Antarctica contains 90% of the world’s ice, and 68% of the world’s fresh water. The ice sheet contains about 30 million km3 which cover 98% of the continent. If it all melted, the sea level world-wide would rise by between 50 and 60 metres.
Ice across the continent
Surprisingly, the thickest ice is located only 400km from the coast, in East Antarctica, where a huge, sub-glacial trench is filled with 4’776m of ice. The average thickness of the ice sheet is 2500-2800m. This enormous weight of ice pushes the continental bedrock of East Antarctica below sea level, so the maximum height of the ice sheet is only about 4000m.
Snow and Ice
The huge mass of the Antarctic ice sheet has accumulated from million of years of Snowfall. Because the air over Antarctica is so cold, it cannot carry much moisture, even as snow, so very little falls in the centre of the continent. Snowfall is higher around the coast and more is carried there from inland by the katabatic winds, so accumulation can be up to 2 m a year.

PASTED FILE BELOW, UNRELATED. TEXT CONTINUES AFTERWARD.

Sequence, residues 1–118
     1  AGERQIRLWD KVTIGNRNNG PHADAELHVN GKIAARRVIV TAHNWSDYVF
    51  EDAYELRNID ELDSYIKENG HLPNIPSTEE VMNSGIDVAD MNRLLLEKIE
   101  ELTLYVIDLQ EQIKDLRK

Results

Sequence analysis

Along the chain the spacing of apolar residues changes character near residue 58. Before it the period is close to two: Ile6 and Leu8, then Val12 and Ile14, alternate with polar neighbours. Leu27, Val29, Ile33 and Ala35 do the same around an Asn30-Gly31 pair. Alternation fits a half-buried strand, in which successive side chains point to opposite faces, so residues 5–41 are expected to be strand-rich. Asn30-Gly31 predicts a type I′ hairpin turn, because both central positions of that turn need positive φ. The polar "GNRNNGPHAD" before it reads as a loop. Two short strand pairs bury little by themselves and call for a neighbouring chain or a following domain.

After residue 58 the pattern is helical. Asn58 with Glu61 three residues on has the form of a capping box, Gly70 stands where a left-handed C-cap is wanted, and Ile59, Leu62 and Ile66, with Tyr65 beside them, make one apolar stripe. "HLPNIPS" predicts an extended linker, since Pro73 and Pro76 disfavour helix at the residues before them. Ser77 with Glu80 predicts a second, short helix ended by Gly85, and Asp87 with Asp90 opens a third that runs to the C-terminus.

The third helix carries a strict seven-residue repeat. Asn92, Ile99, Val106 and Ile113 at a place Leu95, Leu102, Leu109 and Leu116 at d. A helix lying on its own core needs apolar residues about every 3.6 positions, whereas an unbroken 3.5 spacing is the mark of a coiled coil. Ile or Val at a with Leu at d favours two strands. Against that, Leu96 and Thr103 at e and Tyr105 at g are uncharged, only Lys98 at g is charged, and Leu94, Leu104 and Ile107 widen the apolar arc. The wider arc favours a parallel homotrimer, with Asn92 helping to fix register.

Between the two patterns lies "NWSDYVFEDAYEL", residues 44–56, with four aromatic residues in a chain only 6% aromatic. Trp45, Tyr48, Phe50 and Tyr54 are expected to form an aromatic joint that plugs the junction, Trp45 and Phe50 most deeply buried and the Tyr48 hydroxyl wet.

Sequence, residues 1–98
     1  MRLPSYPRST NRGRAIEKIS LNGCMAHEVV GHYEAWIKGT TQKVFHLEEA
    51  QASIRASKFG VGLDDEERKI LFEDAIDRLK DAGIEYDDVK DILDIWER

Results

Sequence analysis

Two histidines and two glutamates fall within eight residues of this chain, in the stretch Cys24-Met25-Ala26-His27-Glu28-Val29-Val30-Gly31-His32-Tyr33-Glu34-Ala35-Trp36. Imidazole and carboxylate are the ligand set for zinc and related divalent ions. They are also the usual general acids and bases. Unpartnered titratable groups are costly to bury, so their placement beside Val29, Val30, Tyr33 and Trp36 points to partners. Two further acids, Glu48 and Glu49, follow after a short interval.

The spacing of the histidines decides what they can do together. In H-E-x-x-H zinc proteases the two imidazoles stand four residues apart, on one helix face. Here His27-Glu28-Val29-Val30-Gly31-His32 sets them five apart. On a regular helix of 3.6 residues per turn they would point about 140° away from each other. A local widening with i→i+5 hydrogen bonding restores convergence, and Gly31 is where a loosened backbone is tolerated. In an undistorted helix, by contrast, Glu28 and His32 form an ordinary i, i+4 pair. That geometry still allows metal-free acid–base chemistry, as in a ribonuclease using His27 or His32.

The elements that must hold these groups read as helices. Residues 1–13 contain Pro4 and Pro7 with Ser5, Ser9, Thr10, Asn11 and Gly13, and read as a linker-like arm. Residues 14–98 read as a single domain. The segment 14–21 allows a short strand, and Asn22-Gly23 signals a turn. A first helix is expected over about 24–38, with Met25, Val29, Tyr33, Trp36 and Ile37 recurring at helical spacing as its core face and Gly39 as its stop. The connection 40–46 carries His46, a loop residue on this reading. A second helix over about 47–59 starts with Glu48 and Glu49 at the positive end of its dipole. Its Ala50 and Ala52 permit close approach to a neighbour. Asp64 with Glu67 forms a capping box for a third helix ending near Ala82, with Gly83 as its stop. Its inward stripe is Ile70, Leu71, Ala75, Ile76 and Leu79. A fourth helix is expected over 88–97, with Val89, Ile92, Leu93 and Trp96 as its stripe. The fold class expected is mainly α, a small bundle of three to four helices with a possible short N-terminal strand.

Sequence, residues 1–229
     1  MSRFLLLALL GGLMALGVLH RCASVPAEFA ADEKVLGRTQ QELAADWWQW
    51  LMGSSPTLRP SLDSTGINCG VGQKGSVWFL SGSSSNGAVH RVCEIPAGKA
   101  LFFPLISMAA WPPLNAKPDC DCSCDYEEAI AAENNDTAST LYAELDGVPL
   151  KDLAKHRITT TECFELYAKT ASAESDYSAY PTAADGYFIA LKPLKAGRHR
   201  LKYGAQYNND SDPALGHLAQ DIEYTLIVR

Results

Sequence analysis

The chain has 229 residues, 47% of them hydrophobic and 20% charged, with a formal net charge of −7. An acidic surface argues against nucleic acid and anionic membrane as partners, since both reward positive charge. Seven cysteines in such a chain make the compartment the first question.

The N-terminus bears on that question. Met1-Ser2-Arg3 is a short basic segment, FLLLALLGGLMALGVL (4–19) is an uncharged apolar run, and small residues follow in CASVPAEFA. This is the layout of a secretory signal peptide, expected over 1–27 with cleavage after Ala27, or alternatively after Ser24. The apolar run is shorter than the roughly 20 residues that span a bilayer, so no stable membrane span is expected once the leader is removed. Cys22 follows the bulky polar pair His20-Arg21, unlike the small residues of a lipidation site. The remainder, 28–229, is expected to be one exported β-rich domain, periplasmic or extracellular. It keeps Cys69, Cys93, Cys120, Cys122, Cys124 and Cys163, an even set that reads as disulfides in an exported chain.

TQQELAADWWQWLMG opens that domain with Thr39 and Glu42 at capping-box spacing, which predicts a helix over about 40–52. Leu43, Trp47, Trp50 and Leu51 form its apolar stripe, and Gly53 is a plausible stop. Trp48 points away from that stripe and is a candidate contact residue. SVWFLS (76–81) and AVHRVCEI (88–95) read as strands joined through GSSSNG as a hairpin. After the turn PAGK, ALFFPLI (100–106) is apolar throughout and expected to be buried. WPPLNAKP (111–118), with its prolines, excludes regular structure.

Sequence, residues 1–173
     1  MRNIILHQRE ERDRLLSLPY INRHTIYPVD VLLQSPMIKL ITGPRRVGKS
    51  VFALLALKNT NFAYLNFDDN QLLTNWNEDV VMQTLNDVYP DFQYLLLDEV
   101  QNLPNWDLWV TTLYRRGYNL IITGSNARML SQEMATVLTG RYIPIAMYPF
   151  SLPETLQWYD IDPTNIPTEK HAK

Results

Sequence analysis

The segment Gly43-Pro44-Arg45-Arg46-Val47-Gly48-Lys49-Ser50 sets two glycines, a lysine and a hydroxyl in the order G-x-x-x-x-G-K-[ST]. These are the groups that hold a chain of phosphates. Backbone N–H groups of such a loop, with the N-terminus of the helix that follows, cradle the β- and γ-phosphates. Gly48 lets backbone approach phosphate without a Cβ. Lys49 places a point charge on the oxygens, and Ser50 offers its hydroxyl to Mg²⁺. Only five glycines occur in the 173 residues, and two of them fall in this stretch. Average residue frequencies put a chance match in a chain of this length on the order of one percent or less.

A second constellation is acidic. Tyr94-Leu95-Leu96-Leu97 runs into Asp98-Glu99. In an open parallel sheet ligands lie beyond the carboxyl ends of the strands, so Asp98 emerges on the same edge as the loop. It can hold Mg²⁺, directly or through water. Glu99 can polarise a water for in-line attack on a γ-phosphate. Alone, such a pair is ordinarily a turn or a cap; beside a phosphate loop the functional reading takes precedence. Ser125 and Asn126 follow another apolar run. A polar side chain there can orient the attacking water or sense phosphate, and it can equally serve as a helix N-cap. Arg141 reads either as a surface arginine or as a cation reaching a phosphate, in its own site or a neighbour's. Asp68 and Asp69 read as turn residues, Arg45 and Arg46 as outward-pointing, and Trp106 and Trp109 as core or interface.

As snow accumulates in deeper and deeper layer, it gradually turns into ice. Because the accumulation rate is so slow, this very deep ice may be many thousands of years old. The air trapped in the ice can tell scientists about the atmosphere at the time the snow from which it is made fell on the surface.
The Movement of Ice
Although the Antarctic ice sheet may have taken million of years to accumulate, it is not static. Ice is fluid and the ice sheet flows continuously out from the centre to the edges of the continent under the pressure of its own weight, in the same way that icing flows off the cake. The rate of flow varies. It is slowest at the centre and fastest at the edge because the domeshaped ice sheet slopes more steeply at the edge.
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